The Lost Sea; America’s Largest Underground Lake


Take an hour’s drive from Knoxville to Sweetwater, TN and you can find yourself at the The Lost Sea Adventure. The site is part of the historic Craighead Caverns and is America’s largest underground lake.


The Lost Sea has earned further national (and international) attention with its membership of both the National Cave Association and the Southern Highlands Attractions, putting it closer to the top of the US Travel list.


Inside you can find all sorts of stalactites, stalagmites, and rare formations called anthodites, also known as cave flowers. Anthodites are spiky crystal-like blooms and are only found in a handful of other cave clusters in the world.


These anthodites also lend to the Lost Sea’s notoriety, making it a registered national landmark.


We waited in the lobby with others assigned to our tour group. When the time came, we made our way down into the chilly neon yellow tunnel and sat while the guide laid out a few ground rules.


As we entered the cave, the guide began sharing some history about the various rooms / segments of the cave and how it was inhabited in the past.

The oldest known activity inside the cave was pinpointed when the bones of a jaguar from the Pleistocene era, around 20,000 years ago were found. The bones were gifted to New York ‘s American Museum of Natural History and are still on display.

There is a huge arena-like room in the heart of this cave known as the Council Room where Cherokee Indians met for rituals, healing, socializing, and shelter. An assortment of arrowheads, pottery, and other relics have been unearthed here in the past.


At the start of he 1900s there was a young boy whose curiosity got the best of him after hearing rumours of a lake inside the cave. He crawled through the cracks and crevices of the cave until he discovered the Lost Sea itself. If this was actually discovered by the Cherokee beforehand, it was not mentioned.


Fast forward a decade or so and the cave was opened to the public. For a brief time there was a dance club, and then there were moonshine stills, some of which you can still see.


Confederate soldiers set up mines for saltpeter inside during the Civil War, and you can see some of the bins, carts, and tools left behind. A Union member once attempted to blow up the mines but was prevented (and shot) in the nick of time.


There were a few small children on the tour and I enjoyed seeing them dance with glee as they cast intriguing shadows on the cave walls.

However, while telling us about the short-lived dance club inside, our guide turned off the light and allowed a second of complete darkness. I would have enjoyed it greatly if those same kids had not began screaming at top volume and demanding that the light be returned.


We wound through various elevation and incline levels, taking in the history and anticipating the boat ride.

Before we reached the dock, our guide gave us the option of chilling on a bench for about twenty minutes, or continuing down a steep slope to the boat. A few people stayed behind but my brother and I pressed on.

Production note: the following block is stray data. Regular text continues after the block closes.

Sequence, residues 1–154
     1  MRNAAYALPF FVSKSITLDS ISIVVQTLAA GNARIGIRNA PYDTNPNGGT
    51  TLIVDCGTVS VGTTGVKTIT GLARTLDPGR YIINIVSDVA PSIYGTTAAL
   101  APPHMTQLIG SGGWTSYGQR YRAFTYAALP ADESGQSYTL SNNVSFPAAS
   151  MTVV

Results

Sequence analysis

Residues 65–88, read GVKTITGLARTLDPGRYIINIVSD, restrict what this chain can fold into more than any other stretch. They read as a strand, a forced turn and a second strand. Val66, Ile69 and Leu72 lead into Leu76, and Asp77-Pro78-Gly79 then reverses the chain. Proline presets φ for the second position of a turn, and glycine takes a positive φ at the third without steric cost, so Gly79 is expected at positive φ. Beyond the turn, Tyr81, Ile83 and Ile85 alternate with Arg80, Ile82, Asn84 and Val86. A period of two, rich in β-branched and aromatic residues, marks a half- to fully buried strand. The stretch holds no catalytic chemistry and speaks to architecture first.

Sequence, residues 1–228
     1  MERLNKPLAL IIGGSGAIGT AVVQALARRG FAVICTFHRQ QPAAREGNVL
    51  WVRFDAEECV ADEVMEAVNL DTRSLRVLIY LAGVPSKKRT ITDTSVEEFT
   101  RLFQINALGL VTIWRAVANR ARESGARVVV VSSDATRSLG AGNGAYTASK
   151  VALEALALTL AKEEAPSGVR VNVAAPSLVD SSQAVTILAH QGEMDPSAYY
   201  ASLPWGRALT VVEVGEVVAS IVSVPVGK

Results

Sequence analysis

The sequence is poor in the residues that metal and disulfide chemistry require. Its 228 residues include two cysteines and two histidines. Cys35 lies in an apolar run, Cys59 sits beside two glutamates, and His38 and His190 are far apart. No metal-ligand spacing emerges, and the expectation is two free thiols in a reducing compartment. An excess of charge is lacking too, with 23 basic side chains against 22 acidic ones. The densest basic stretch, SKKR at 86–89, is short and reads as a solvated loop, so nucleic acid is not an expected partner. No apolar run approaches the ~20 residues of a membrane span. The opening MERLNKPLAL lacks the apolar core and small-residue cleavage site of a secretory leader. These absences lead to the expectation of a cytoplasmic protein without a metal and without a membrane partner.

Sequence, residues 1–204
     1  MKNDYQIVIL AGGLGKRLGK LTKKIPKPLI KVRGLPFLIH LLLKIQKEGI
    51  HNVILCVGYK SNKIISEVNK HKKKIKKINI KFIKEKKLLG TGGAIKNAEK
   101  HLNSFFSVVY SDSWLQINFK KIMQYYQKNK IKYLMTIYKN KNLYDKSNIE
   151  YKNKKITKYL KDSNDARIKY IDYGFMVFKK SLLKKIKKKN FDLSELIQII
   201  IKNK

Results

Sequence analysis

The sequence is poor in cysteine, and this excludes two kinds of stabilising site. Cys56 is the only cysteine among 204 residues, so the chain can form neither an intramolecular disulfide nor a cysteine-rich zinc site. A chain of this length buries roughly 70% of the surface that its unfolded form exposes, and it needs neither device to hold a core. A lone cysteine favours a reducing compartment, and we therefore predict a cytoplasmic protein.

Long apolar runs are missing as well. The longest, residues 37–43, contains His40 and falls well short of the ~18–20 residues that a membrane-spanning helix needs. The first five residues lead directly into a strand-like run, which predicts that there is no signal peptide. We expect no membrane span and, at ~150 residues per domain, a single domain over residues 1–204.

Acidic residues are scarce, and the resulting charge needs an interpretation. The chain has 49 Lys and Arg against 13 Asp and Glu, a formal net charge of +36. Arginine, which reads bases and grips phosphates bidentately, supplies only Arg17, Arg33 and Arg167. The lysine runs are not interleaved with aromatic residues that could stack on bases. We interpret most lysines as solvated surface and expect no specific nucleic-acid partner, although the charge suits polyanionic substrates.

We boarded a rickety glass-bottom boat and slowly made our way across the lake in the dark.


There was some illumination from the dock and the guide’s flashlight; just enough to see the massive rainbow trout that thrive in the Lost Sea. Sadly they are all blind from lack of light, which is not uncommon for many fish species. They are well-fed and cared for, and look pretty below the surface.

The water level was almost to the top of the boat so be prepared to possibly get wet, maybe bring a zip lock bag for your phone. Outside of the main “room” where the ride takes place are multiple, larger, inaccessible rooms. At least 18 acres of water have been discovered to date but no one has been able to reach the full extent of it.

Hopefully more discoveries will be made in the coming years.


Inside the cave was just as one might expect. Well, anyone with common sense. A few people walked out of the tour early after loudly complaining nonstop for the first  15 minutes because it was “too dark” and “smelled musty.”

It WAS dark and musty.  We were, as it happened, inside a cave.

Personally I am an earth sign so I enjoyed being surrounded by the cool cave walls and walking on compact dirt. It was a bit slippery, the footbridges were wobbly, and we lost our balance several times. Some parts are quite steep, and there were some dull moments because the guide talked a lot about herself and unrelated info.

The best part of guided tours is that you learn more than you probably ever would have on your own, but the cons… the list can be endless.

Wear some slip resistant shoes and a sweater if you can not abide 58 Fahrenheit. Bring a bottle of water and a flashlight, and have some patience. You will have a good time.


After you emerge from the darkness, be sure to check out the Lost Sea Village.


There are multiple shops, a mining troft, glassblowing workshop, a restaurant, and other attractions.



You can also walk a pleasant 1/3 mile nature trail that leads through cove-hardwood trees and various foliage.


The Lost Sea appears to be open daily except on major holidays but always check their schedule or even pre-book if you like to be overly prepared like me.

You can not enter the cave without a guide, but they do have special tours and excursions if you are looking for something more in-depth. Check out the Lost Sea website for more info.

In the area for a while? Follow me to Tellico Plains and the Cherohala Skyway.

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3 thoughts on “The Lost Sea; America’s Largest Underground Lake

  1. Pingback: McMinn County; an Unexpected Industrial Mecca | Fernweh

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